President Trump with Secretary of Education Betsy DeVos and Secretary of Agriculture Sonny Perdue on March 2. Photo: Drew Angerer/Getty Images

President Trump moved to protect regulations issued by Education Secretary Betsy DeVos that restrict federal student loan forgiveness in a veto issued Friday night.

The big picture: Several veterans' groups have argued that the rules, which make it more difficult for student borrowers to prove that a college defrauded them, will harm former service members cheated by for-profit colleges, the New York Times reports.

What they're saying: Trump said the vetoed legislation "sought to reimpose an Obama-era regulation that defined educational fraud so broadly that it threatened to paralyze the Nation’s system of higher education."

  • "@realDonaldTrump's decision today to veto the #bipartisan resolution, against the request of 3 dozen veterans organizations, is a blow to #veterans, #servicemembers & their families," the advocacy organization Veterans Education Success tweeted Friday.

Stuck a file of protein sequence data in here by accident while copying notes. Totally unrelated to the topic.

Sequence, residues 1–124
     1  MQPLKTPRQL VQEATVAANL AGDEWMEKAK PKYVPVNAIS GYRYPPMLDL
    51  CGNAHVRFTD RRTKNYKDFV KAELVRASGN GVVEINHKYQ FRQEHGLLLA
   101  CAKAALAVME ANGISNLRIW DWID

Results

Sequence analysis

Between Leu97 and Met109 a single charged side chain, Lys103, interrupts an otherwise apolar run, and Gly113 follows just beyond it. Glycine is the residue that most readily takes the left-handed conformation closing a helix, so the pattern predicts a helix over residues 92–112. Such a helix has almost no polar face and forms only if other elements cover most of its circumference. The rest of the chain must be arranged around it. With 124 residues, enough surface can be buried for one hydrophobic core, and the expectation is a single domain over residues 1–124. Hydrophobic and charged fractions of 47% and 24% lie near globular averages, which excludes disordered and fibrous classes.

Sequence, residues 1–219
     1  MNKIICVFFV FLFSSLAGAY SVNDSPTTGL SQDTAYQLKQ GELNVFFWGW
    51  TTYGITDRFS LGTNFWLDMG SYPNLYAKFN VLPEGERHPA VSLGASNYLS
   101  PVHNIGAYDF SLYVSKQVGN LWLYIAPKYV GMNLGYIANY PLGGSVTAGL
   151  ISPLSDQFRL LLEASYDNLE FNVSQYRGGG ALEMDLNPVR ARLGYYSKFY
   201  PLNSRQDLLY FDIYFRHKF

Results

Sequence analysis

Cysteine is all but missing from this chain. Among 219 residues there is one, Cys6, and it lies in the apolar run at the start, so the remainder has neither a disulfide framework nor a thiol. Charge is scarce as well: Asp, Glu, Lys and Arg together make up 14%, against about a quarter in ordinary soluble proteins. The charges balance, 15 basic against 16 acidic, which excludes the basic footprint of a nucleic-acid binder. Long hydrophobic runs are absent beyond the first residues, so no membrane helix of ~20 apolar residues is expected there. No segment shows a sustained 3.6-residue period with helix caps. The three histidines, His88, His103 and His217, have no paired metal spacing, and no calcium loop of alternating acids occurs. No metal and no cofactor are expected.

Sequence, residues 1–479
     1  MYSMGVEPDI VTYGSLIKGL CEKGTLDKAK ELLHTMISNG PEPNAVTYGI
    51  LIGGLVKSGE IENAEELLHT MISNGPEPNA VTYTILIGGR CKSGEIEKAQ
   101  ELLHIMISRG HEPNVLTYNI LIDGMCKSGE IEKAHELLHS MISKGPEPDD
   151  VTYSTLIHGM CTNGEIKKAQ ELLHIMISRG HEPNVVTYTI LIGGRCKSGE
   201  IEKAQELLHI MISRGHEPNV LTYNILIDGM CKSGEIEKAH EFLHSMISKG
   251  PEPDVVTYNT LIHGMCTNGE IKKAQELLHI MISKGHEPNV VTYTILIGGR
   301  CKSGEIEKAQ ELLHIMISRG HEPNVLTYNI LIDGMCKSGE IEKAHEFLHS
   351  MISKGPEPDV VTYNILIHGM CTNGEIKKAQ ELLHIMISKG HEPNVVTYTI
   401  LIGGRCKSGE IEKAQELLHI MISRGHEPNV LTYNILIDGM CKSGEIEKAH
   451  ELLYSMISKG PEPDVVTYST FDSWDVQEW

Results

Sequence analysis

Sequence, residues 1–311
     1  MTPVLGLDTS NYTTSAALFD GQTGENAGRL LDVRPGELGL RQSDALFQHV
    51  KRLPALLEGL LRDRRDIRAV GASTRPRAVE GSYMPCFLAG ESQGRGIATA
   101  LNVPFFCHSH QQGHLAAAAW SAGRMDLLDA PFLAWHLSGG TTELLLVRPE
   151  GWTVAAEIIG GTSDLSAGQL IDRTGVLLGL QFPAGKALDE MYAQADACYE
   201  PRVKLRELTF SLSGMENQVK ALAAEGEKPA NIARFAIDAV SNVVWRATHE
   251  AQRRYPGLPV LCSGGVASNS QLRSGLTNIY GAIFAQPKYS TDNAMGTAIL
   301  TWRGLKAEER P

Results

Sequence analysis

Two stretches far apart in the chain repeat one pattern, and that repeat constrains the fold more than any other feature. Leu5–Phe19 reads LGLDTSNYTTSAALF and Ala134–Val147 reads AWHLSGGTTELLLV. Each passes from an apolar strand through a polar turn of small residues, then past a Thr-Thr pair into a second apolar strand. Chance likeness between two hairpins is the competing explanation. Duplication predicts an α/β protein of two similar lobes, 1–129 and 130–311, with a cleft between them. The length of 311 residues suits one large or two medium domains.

What's next: The new rules are expected to go into effect on July 1, per the Times.

Go deeper: DeVos urged by 51 AGs to cancel disabled veterans' student debts

Go deeper

Jun 24, 2020 - Health

The pandemic's lost years

Illustration: Sarah Grillo/Axios

Even while still living in the midst of the coronavirus pandemic, we're starting to see the long-term effects of lost schooling, curtailed travel and shuttered businesses.

Why it matters: The U.S. will see some $7.9 trillion in lost economic growth through this decade, according to the Congressional Budget Office. The World Bank, meanwhile, predicts global gross domestic product will shrink by 5.2% in 2020 alone — nearly three times as much as the 2009 recession.

Coronavirus cramps the college experience

Illustration: Aïda Amer/Axios

Today's college students won't have a normal college experience — one with classes, graduations, internships and campus love.

Where it stands: Colleges' decisions about openings and closing are just as inconsistent as school districts', but with different stakes and a lot more money on the line.

End of broadband pledge could cut lifelines for families

Illustration: Annelise Capossela/Axios

Internet service providers' pledges to waive fees and forgive missed payments end on June 30, likely cutting off service for some families who can't pay their bills due to the economic impact of the pandemic.

Why it matters: Cutting off internet service for families and students will worsen the loss of knowledge and academic skills that students face over the summer, as well as sever lifelines for those who need broadband connections for work, summer school, searching for jobs and getting news.